Don't delay vaccines for your family
The Poughkeepsie Journal
by Dr. Michael Caldwell
April 12, 2014
“Vaccine hesitation” is a new term being used to describe the phenomenon of parents who are questioning whether they should give their children vaccines on the recommended schedule, if at all.
Why? There has been such great success reducing and virtually eliminating many infectious diseases of childhood that most of us have never experienced them. These illnesses don’t just cause temporary discomfort; they can be painful, miserable and even deadly. Most American doctors have never seen a case of measles, mumps, rubella or polio. The recent outbreaks of measles in Orange County, Calif., New York City as well as here in the Hudson Valley, represent a major setback for our country’s efforts to eliminate these vaccine-preventable diseases for good.
The American Academy of Pediatrics (www.aap.org) reports that 85 percent of health-care providers have had a parent refuse a vaccine for his or her child each year. “Unvaccinated children are more likely to be white, have parents with higher levels of education and higher salaries and have a mother who is married. As the vaccine schedule becomes more comprehensive and complex and has the ability to protect against more diseases in the first few years of life, some parent worry about the number of injections a child may receive at a single visit, and others are concerned that the immune system is ‘overloaded,’ a view that has been refuted scientifically.”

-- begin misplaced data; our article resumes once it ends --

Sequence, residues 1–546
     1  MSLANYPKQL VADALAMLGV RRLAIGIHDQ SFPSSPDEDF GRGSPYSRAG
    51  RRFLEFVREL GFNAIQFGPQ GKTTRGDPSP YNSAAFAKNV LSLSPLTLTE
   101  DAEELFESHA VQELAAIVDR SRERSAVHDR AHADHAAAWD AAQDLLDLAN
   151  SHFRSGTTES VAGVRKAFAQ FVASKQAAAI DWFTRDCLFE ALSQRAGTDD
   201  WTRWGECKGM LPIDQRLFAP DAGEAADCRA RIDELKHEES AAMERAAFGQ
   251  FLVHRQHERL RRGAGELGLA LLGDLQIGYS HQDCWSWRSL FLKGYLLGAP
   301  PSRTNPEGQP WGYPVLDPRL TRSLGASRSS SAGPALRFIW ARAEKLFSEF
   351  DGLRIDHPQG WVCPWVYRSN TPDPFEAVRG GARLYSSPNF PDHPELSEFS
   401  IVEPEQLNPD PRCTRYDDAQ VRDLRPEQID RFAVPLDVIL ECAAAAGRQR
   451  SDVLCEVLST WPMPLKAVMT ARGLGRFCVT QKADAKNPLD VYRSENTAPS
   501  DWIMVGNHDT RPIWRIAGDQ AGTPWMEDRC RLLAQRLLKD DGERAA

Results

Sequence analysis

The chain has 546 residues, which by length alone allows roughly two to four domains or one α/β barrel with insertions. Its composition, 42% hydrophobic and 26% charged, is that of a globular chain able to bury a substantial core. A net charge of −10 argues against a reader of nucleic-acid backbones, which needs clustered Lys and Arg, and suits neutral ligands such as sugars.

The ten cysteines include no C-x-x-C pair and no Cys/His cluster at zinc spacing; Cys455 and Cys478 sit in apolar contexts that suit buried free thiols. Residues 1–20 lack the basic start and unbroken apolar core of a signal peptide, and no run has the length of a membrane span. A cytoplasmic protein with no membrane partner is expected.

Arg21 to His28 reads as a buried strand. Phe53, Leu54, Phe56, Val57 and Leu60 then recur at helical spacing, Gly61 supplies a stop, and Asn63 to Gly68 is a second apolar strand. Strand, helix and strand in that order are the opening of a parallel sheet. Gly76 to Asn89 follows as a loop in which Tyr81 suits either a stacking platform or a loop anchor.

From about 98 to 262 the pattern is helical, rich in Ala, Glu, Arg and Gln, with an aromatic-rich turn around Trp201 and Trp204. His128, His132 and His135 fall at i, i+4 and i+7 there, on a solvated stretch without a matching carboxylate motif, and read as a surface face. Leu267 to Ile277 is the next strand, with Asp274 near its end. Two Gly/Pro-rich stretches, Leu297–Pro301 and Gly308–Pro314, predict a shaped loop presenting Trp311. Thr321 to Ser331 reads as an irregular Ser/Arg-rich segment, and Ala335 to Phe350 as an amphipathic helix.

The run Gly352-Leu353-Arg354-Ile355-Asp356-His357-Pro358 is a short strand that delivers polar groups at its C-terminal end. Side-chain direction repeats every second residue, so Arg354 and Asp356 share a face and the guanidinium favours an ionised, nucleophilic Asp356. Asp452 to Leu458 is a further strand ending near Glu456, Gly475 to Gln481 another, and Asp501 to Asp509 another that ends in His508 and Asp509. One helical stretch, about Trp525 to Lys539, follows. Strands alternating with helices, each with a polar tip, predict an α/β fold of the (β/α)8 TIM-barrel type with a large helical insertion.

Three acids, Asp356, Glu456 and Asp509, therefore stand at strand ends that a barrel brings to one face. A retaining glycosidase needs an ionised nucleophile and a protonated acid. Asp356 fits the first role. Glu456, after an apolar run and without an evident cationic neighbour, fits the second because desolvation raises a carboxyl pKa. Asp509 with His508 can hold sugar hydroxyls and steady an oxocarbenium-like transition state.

We are finding that some parents insist on spacing out their children’s vaccines although there is no scientific validation for this. On the contrary, it puts children and the rest of the community at greater risk. There is a greater likelihood that parents will not follow up as scheduled and it leaves children needlessly vulnerable to contracting a serious and possibly deadly vaccine-preventable disease. To read more, click here